Fangs for the Fantasy‘s branding is: “The latest in urban fantasy from a social justice perspective.” They rated Karen Chance’s Masks “four fangs” (FOUR – that’s positive!), and wrote an excellent review – including the social justice perspective.
Ms. Chance emailed Fangs for the Fantasy; excerpted, and with the website’s full response, here.
The last paragraph from Fangs for the Fantasy says it all: “Yes the review has criticisms – but so does just about every review we’ve written. Nothing is perfect and, as social justice writers on a social justice review blog, we always point out flaws we find in the books we read especially in relation to marginalised characters and issues. That doesn’t mean we hate a book – it doesn’t even mean we don’t love the book (and at 4 Fangs, that’s a loved book), it means the book is not flawless and those flaws are sadly reflected in issues that don’t just affect this book but afflict the whole genre. Issues that will not go away if we do not continue to address them.”
Then the comments began (at the bottom of the article):
Karen Chance commented: “My point wasn’t to denigrate what you do in any way, but to point out that you seem to have misunderstood my intent with the book.” Sound familiar? That’s the old “you read it incorrectly” defence.
And there are further comments: “But, in fact, readers did have my notes if they wanted them. They were put on my blog ahead of the boo’s [sic] publication. But even without them, my point was that they shouldn’t have been needed. […] I think the problem was that the interviewer didn’t like that part (the discussion around the big reveal) as she stated in her initial review, and didn’t therefore pay much attention to it.”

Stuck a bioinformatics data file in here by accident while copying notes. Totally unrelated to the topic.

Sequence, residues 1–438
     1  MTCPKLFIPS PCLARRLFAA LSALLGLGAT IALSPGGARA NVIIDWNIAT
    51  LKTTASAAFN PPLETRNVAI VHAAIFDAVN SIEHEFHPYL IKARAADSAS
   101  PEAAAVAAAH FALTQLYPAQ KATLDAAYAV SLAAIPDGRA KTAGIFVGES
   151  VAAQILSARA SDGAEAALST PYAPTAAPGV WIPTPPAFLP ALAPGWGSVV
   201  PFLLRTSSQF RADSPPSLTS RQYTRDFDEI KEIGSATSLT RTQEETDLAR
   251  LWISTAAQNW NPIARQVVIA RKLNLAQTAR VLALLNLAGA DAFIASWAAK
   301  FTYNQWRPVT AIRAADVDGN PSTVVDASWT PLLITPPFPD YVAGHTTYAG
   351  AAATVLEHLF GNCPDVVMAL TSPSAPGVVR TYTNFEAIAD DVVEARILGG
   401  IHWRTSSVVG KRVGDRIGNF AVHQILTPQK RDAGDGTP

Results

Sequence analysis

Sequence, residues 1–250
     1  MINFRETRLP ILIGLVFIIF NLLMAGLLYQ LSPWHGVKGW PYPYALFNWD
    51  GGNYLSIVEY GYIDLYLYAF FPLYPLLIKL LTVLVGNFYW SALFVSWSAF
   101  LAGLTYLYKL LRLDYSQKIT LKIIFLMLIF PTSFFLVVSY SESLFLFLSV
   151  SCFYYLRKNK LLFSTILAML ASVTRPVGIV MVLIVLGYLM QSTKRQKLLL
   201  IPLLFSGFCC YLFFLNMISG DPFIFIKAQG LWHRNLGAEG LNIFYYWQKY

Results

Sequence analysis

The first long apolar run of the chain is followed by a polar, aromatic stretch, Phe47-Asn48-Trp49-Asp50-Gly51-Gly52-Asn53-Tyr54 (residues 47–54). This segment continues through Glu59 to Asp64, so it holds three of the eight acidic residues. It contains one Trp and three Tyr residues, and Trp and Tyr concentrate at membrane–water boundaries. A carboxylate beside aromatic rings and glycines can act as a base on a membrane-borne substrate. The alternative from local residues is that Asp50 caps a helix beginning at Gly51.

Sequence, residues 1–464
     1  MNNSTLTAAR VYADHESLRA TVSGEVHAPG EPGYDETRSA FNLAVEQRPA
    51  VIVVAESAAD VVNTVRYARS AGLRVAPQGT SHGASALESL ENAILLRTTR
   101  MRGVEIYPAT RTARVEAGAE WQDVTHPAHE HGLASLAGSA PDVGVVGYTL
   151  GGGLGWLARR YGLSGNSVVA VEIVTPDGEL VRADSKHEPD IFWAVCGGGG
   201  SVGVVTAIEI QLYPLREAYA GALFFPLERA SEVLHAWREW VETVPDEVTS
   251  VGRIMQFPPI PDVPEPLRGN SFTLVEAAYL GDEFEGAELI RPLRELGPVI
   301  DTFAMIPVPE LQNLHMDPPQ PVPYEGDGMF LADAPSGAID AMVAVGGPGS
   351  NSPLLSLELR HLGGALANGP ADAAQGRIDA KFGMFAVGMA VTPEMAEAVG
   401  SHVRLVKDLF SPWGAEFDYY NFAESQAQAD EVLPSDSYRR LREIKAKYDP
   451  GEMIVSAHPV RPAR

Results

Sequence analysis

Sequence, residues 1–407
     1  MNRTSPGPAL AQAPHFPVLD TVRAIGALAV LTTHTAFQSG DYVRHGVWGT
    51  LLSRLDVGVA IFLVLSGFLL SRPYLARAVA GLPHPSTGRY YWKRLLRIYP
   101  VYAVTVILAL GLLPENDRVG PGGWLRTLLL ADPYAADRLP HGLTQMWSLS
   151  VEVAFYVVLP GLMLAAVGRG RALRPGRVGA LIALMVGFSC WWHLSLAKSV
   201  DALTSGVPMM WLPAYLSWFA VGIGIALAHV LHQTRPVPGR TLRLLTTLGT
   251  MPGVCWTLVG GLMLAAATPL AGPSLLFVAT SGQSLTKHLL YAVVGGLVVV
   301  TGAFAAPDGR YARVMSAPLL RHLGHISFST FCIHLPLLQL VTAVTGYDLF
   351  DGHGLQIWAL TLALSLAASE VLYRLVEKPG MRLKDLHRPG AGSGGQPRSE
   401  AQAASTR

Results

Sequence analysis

Then Ms Chance complained about other times the website didn’t praise her for her efforts.
Is it so hard to for an author to admit that maybe the reader “read it incorrectly” because the author didn’t present it well enough?
But really this is a discussion about privilege, marginalisation, and representation. Admittedly, I wasn’t fully familiar with these terms until this year, but now I somewhat understand them – well, maybe as much as a privileged, straight, white, cis woman can, anyway.
And Ms. Chance’s comment here reminded me of something that happened earlier this week on my Facebook. And if you don’t understand why some of those comments on Facebook are problematic, the comments on Booklikes may help explain.
Sometimes things are problematic. Even the things we like. That doesn’t mean we shouldn’t like them – but we should at least be fully informed. I enjoy V. C. Andrews novels and Family Guy, even though they’re problematic. The issue is not REALISING when something is problematic, or DENYING it.
We all make mistakes. But we have to admit when we make them, apologise, and genuinely try to do better in the future. Not just “give up”.